Table 1. Table of Media by Refractive Index
|Acidified Chloral Hydrate||1.4280|
|Visikol for Plant Biology||1.4540|
The images presented here show that Visikol for Plant Biology can be effectively used as a direct replacement of chloral hydrate in botanical microscopy. Visikol for Plant Biology yields high quality microscopic images and can be used to clear herbal products for research, quality assessment and botanical authentication. Treatment with Visikol for Plant Biology clears tissues and, due to the increased depth of field over chloral hydrate, it allows different layers of internal structures as well as surface details of the specimen to be simultaneously identified, without the need for sectioning or remounting. As these results show, Visikol for Plant Biology is the superior, non-regulated alternative to chloral hydrate for use in research, education and quality control.
Figure 1. Arabidopsis thaliana images
Table 2. Overview of literature which utilizes chloral hydrate to clear specimens
|McBryde, 1936||A Method of Demonstrating Rust Hyphase and Haustoria in Unsectioned Leaf Tissue||Garden beans, cornm mayapple and barberry|
|Arnott, 1959||Leaf Clearings||Syringa sp., Crossosoma parviflorium, Thea sinenss|
|Lersten, 1967||An Annotated Bibliography of Botanical Clearing Methods||Bryophytes; "all plant parts, including pollen;" Dalea, Lemna minor|
|Shobe and Lersten, 1967||A Technique for Clearing and Staining Gymnosperm Leaves||Gymnosperms, Metasequoia glyptostroboides|
|Herr, 1971||A New Clearing-Squash Technique for the Study of Ovule Development in Angiosperms||Angiosperms, Cassia abbreviata, Ludwigia uruguayens|
|Gardner, 1975||A Overview of Botanical Clearing Techniques||Review paper|
|Lersten, 1986||Modified Clearing Method to Show Sieve Tubes in Minor Veins of Leaves||Soybeans and other dicotyledonous species|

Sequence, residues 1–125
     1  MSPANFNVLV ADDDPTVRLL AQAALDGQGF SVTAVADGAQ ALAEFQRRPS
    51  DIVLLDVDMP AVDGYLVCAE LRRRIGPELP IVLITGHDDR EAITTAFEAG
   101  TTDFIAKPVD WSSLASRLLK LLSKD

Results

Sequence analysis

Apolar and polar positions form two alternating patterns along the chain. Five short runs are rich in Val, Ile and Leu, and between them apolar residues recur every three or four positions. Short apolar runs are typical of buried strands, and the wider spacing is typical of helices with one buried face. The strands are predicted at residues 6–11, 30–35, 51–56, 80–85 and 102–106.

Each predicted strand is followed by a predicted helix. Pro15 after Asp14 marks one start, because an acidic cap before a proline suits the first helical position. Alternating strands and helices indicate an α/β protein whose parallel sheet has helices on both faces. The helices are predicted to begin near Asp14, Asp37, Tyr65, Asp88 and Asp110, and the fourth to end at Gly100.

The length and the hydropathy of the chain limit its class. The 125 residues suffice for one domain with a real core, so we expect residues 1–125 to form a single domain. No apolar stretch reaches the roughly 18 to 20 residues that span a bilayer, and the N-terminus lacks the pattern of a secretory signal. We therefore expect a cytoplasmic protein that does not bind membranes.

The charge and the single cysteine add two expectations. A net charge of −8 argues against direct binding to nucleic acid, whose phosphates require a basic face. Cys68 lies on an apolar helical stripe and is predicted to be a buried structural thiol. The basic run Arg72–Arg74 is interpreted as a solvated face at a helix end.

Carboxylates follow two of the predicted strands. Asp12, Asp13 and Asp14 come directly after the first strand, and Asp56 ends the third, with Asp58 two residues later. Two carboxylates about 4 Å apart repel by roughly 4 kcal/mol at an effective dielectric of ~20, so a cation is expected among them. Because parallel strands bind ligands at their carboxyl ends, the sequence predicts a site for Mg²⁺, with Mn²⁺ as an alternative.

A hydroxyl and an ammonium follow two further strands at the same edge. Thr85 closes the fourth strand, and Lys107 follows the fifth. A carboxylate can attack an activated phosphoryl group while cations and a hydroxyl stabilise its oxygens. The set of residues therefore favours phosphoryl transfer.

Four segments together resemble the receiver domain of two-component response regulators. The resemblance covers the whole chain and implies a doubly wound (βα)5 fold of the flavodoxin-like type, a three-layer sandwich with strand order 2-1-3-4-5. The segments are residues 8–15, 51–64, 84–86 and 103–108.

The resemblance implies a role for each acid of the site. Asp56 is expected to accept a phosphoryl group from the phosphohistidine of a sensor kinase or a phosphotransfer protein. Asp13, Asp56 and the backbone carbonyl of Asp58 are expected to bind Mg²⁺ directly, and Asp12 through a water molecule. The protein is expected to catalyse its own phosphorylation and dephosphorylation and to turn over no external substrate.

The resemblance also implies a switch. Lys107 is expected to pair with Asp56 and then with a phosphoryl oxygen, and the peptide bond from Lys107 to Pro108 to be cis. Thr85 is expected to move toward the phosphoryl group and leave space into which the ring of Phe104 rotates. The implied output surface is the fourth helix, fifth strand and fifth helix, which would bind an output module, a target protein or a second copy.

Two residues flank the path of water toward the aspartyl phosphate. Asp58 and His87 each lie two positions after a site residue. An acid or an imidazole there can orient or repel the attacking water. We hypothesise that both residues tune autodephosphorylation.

|Jackson and Snowdon, 1990||Atlas of Microscopy of Medicinal Plants, Herbs, and Species||>100 common herbs and spices|
|Herr, 1993||Clearing Techniques for the Study of Vascular Plant Tissues in Whole Structures and Thick Sections||Wisteria sinensis, Selginella apoda, Abelia grandiflora, Nymphaea odorata|
|Liang and Herr, 1994||Use of the Four-and-a-Half Clearing Technique to Study Gymnosperm Embryology: Cunninghamia lanceolata||Cunninghamia lanceolata|
- Arnott, H.J. 1959. Leaf clearing. Tutox News 37: 192-194.
- Daniel, F. B., A. B. DeAngelo, J. A. Stober, G. R. Olson, and N.P. Page. 1992. Hepatocarcinogenicity of chloral hydrate, 2-chloroacetaldehyde, and dichloroacetic acid in the male B6C3F1 mouse. Fundamental and Applied Toxicology, 19: 159-168.
- Gardner, R.O. 1975. An overview of botanical clearing techniques. Stain Technology. 50:99-105.
- Haseloff, J. 2003. Old botanical techniques for new microscopes. BioTechniques 34: 1174-1182.
- Herr, J. M, Jr. 1971. A new clearing-squash technique for the study of ovule development in angiosperms. American Journal of Botany 58: 785-790.
- Herr, J. M. Jr. 1993. Clearing techniques for the study of vascular plant tissues in whole structures and thick sections. In C.A. Goldman, P.L. Hauta, M.A. O’Donnell, S.E. Andrews, and R. van der Heiden, Editors. Tested studies for laboratory teaching. Volume 5,63-84. Proceedings of the 5th Workshop/Conference of the Association for Biology Laboratory Education (ABLE).
- Jackson, B.P. and D. W. Snowdon. 1990. Atlas of microscopy of medicinal plants, culinary herbs and spices. Belhaven Press, London.
- Lersten, N.R. 1967. An annotated bibliography of botanical clearing methods. Iowa State Journal of Science 41: 481-486.
- Lersten, N.R. 1986. Modified clearing method to show sieve tubes in minor veins of leaves. Stain Technology 61:231-234.
- Liang, D. and J. M. Herr, Jr. 1994. Use of the four-and-a-half clearing technique to study Gymnospermem bryoIogy: Cunninghamia lanceolata. Biotechnic and Histochemistry 69: 279-282.
- McBryde, MC. 1936. A method of demonstrating rust hyphae and haustoria in unsectioned leaf tissue. American Journal of Botany10:686-688.
- Rost, F. and R. Oldfield. 2000. Photography with a Microscope. United Kingdom: Cambridge University Press.
- Ruzin, Steven E. 1999. Plant microtechnique and microscopy. Vol. 198. New York: Oxford University Press
- Schedule IV Drugs, 21 C.F.R. Section 1308.14
- Shobe, W.R. and N.R. Lersten 1967. A technique for clearing and staining gymnosperm leaves. Botanical Gazette 128:150-152.
- Sing, K., T. Erickson, Y. Amitai, and D. Hryhorczuk. 1996. Chloral hydrate toxicity from oral and intravenous administration. Clinical Toxicology 34: 101-106.
- The United States Pharmacopeia 28/The National Formulary 23; The United States Pharmacopeial Convention, Inc.: Rockville, MD, 2005.
- Upton, R., A. Graff, G. Jolliffe, R. Langerand and E. Williamson. 2011. American herbal Pharmacopoeia. Botanical pharmacognosy. Microscopic Characterization of Botanical Medicines. CRC Press. Taylor & Francis Group.